A few weeks ago, I was at a funeral at Mount Sinai in Glendale when, at one of the most emotional moments, a cell phone rang loudly for several minutes, humming a Broadway tune. Attendees fumbled into their handbags and pockets to check if they were the culprit. The cell phone offender was one of the children of the deceased who was receiving a long-distance call from his family. The rabbi paused for a few seconds, looking irritated, and then continued his sermon. The call had interfered with a solemn moment during which silence is essential.
I started to wonder if cell phones had become as common during Jewish rituals as they are at movies and at manicurists.
Cell phone etiquette, particularly in public locations (movie theatres and synagogues among others), is an educational task that has been undertaken by the very companies that produce cell phones. Sprint and Verizon are two of the companies that have hallmarked "cell phone education months" and partnered with movie chains and other outlets to remind people to be cell-polite. What ever happened to common sense? I guess it was too early for Emily Post to have a chapter on cell phones.
Should rabbis run a "no-cell" commercial (sponsored by Manischevitz) like in movies and post big "verboten cell" black/red signs around the synagogue? What will rabbis do during the upcoming Jewish High Holidays to ensure that people can pray in silence and reach non-buzzed introspection.
An Orthodox friend of mine who davens at Chabad in Hancock Park tells me that cell phone interruption is a problem during daily minyans but that the use of cell phones during holidays is strictly prohibited. During daily minyans, he said that the interruptions are frequent. Just this morning, two phones rang on the bimah. But, he is adamant that "those things" don't happen during Shabbat and the holidays in Orthodox shuls.
"People won't even call from the bathroom?" I ask.
My Conservative and Reform friends were considerably more liberal in their cell phone plans for the High Holidays. They all agreed that at no time, should a cell be answered or used in services. But, they all admitted that at the various synagogues, people "do forget" and "it happens." There has to be quite a few "exceptions" if this happened at more than 10 shuls in the city. My Reform friends were much more comfortable about calling from the bathroom than my Conservative friends.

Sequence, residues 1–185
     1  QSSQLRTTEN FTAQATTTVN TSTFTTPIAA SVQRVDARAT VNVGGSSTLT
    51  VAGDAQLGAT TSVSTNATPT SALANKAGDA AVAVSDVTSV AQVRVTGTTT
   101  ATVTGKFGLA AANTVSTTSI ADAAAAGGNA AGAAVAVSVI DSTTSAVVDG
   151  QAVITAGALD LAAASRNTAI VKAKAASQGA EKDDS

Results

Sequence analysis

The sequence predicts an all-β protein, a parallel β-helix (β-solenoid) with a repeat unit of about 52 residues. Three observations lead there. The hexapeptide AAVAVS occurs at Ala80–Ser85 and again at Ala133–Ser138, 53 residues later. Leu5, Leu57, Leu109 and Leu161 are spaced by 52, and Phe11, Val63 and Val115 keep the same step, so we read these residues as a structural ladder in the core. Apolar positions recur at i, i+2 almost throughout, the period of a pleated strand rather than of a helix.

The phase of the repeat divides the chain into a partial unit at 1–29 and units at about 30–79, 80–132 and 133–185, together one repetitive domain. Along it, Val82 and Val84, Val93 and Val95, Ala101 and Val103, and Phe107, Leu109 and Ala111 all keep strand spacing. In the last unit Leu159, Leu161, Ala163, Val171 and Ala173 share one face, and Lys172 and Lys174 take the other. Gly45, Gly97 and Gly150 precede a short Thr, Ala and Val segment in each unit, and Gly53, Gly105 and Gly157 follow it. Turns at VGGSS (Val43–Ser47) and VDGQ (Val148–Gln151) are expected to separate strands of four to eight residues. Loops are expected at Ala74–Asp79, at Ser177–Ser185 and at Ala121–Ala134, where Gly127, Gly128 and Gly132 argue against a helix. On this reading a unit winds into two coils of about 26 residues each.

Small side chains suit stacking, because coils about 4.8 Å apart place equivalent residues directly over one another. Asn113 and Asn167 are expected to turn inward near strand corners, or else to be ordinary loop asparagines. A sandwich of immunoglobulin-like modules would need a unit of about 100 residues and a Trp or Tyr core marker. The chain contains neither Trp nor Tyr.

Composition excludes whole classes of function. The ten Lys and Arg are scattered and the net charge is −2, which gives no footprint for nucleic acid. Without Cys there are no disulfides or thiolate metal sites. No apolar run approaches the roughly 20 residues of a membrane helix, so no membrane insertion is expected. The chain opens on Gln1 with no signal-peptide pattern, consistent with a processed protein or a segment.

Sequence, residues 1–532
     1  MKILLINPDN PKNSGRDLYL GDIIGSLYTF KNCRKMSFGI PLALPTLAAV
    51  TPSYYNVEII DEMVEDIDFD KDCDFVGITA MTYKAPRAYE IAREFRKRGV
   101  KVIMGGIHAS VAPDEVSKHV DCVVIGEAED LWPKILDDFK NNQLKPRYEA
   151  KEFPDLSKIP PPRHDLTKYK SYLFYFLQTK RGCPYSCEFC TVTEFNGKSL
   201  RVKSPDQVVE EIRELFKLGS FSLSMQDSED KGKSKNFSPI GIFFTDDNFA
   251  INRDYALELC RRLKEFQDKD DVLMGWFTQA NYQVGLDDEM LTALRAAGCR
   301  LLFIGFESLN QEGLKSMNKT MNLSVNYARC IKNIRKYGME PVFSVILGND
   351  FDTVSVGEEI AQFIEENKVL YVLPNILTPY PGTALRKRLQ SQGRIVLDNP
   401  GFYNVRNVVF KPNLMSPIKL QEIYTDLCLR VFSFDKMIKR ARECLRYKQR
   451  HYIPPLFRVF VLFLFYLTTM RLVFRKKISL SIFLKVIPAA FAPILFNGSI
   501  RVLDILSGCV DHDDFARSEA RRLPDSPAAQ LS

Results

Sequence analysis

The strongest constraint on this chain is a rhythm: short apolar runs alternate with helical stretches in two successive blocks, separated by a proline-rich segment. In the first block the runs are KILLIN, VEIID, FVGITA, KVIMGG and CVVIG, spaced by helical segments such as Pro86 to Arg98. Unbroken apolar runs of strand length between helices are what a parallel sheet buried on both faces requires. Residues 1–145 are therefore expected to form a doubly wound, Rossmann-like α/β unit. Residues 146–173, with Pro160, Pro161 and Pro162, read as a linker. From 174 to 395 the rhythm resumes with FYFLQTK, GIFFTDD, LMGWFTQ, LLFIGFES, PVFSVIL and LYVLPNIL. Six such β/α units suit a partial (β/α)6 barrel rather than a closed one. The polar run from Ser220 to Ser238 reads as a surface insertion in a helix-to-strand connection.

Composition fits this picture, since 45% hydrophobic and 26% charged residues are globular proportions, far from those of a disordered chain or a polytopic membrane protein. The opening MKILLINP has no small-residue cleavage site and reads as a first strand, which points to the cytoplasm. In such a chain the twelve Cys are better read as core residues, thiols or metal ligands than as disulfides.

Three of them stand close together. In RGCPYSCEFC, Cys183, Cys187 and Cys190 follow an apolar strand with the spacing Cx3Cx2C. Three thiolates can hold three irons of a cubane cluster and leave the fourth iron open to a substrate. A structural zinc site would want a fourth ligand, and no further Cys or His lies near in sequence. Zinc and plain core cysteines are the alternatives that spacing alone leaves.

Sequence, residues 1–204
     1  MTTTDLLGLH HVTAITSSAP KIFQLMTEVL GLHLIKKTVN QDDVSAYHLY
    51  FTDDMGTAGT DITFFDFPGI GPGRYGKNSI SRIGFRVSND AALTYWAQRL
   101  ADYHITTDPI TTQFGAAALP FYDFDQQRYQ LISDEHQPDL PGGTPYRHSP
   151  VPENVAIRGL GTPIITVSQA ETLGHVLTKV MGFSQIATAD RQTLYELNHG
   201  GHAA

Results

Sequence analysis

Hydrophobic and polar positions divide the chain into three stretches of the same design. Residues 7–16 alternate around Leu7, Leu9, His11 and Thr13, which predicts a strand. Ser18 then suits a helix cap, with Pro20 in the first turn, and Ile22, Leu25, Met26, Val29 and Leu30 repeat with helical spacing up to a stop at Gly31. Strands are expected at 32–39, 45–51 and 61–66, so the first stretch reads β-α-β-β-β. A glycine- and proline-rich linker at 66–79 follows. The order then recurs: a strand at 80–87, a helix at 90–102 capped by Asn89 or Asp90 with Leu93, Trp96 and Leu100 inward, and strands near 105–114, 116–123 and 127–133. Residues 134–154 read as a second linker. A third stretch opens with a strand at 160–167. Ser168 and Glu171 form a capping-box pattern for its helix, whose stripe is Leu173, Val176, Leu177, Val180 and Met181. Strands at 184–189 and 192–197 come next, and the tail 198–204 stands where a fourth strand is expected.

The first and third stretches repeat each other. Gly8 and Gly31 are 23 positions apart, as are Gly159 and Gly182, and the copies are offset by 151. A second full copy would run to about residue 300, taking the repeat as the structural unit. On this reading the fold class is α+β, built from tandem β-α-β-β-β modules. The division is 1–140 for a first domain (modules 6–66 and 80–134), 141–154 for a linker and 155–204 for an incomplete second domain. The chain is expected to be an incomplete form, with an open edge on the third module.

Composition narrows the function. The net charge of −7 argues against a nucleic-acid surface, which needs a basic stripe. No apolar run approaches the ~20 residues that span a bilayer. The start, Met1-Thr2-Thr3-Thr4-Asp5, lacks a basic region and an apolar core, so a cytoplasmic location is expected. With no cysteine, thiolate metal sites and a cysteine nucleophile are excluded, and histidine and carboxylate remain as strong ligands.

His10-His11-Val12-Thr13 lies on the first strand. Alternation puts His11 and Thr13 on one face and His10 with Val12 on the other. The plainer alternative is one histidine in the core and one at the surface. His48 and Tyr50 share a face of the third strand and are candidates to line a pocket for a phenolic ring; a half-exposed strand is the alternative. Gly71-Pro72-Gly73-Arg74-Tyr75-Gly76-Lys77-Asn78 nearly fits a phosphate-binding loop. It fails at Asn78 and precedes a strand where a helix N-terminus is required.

"The bathroom? We are not disturbing anyone who is praying. We phone on Shabbat so why shouldn't we call on the holidays? We need to check on the kids and tell Rosa that we are on our way home to lunch."
They all agreed that vibrate mode was OK and that they would be reluctant to leave their phones in the car. And that cell phones should not be confiscated during the security check. What if there is an emergency?
And, as you think of emergency, your mind drifts toward Jewish doctors. I mean could there be an emergency when so many of them are in the sanctuary at once. Beyond doctors, everyone else should turn off their cell phones before entering the sanctuary. A Conservative usher believes that even vibrate can be disturbing as some vibes are louder than others. A doctor can place his cell on vibrate. However, most doctors carry a pager (again on vibrate) and the pager is only used to contact them in case of an emergency. They usually can go out to the street to return the call. However, most Jewish doctors are not on call during the High Holidays and, therefore, are only contacted in extreme emergencies.
Rabbis agree that the biggest cell phone culprits in synagogue are teens and children who are either bored or unaware of customs. Many L.A. bambini seem to have their own cell phones and do not seem to know the difference between a regular day and a High Holiday. It is important for parents to discuss the decorum of the holiday and being in a public place and the use of the cell phone.
All the rabbis I spoke to did say that they felt that it was essential to have a clear posted sign on cell phone use and to remind people from the pulpit several times during the day to turn off their cells.
So I keep my fingers crossed that this year, as I attempt to go into deep prayer there will not be a Broadway tune or "Hava Nagila" chanting in the background. The High Holidays are a time of reflection. Being quite liberal, I will not be critical if in the bathroom, I do hear someone talking about what is for lunch.
So unless, you are waiting for a direct call from God, there should be no phones in the synagogue.
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